From New Hampshire With Love?
Recoil|September - October 2019
From New Hampshire With Love?

SIG’s MCX SBR turns 7.62 X 39 RED and we love it

Rob Curtis

While the term Virtus dates at least 600 years before the birth of Christ as a way of describing the virtues of Rome’s, it feels like it took the 7.62 x 39mm version of SIG’s namesake MCX Virtus nearly as long to reach the market.

But, it’s arrived. And, like Horatius at the bridge, the MCX x39 earns the heroic Virtus commendation by standing tall amid an onslaught of thousands … of rounds … of mostly garbage ammo, that is.

LOOKING BACK

This isn’t SIG’s first rodeo building a modular platform with the ubiquitous Russian cartridge in mind.

It’s hard to ignore the company’s redheaded stepchild, the SIG556xi and its stillborn AK magazine compatible variant. Yet, leave out the misguided attempt to capture the nobility of SIG’s SG 550 series rifles in a U.S.-made package and concentrate on the configurable nature of the rifle, and you might see parallels in the company’s vision for the MCX platform.

While the SIG556 was midway through its product life cycle, evolving into the configurable 556xi, what was to become the MCX began development in response to a government contract looking for a low visibility assault weapon (LVAW) chambered in 300 Blackout. The two products were developed in separate silos. The former was a commercial product line extension; the latter, a product meant only for the military market. Yet, both grew into configurable, multicaliber, short-stroke piston platforms that would each sprout a viable 7.62 x 39 off shoot.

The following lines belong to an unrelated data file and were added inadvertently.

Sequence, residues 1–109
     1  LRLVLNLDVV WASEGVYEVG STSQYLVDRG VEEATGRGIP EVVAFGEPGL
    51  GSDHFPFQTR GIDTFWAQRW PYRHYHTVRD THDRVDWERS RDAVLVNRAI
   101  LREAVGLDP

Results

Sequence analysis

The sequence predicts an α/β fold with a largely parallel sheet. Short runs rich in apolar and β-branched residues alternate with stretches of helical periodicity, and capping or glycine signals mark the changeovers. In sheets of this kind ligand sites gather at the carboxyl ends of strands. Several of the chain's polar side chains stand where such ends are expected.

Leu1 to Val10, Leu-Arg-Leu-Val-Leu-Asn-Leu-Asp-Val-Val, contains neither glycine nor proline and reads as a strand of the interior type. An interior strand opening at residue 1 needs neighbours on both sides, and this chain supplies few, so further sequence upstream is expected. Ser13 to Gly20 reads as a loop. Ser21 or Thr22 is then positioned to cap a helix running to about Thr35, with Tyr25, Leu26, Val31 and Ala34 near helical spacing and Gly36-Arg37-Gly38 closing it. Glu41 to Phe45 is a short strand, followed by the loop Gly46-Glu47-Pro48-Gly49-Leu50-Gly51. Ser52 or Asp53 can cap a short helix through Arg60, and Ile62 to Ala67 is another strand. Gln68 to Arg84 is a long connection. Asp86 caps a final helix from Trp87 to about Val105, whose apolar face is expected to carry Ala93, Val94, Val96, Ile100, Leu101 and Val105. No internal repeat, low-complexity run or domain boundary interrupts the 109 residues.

As the LVAW matured into the MCX platform, the Highlander principle played out and the company shifted development and production resources to the more popular platform. The 556xi and its nascent 7.62 x 39 Russian configuration had to die in order for the MCX to fulfill its destiny.

WHY 7.62 X 39 NOW?

There are a few reasons for 7.62 x 39’s popularity. One is its worldwide ubiquity. Another is its performance against vehicles.

Like all ammo in the past decade, x39 ammo prices have been on a rollercoaster. SIG’s putting out the MCX Russian as the price of x39 in the U.S. seems held at a tolerable, if not historically agreeable, level. So the timing of the domestic release makes economic sense.

But, we’re guessing foreign military sales is where the MCX x39 is going to shine. There’s gotta be mountains of 7.62 x 39 in onetime Soviet allied nations. Some of those nations are joining NATO and their military forces are likely interested in a rifle platform that allows the use of both stockpiled 7.62 x 39 ammo and newly acquired 5.56x45 NATO with only an armorer-level parts swap needed for compatibility.

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September - October 2019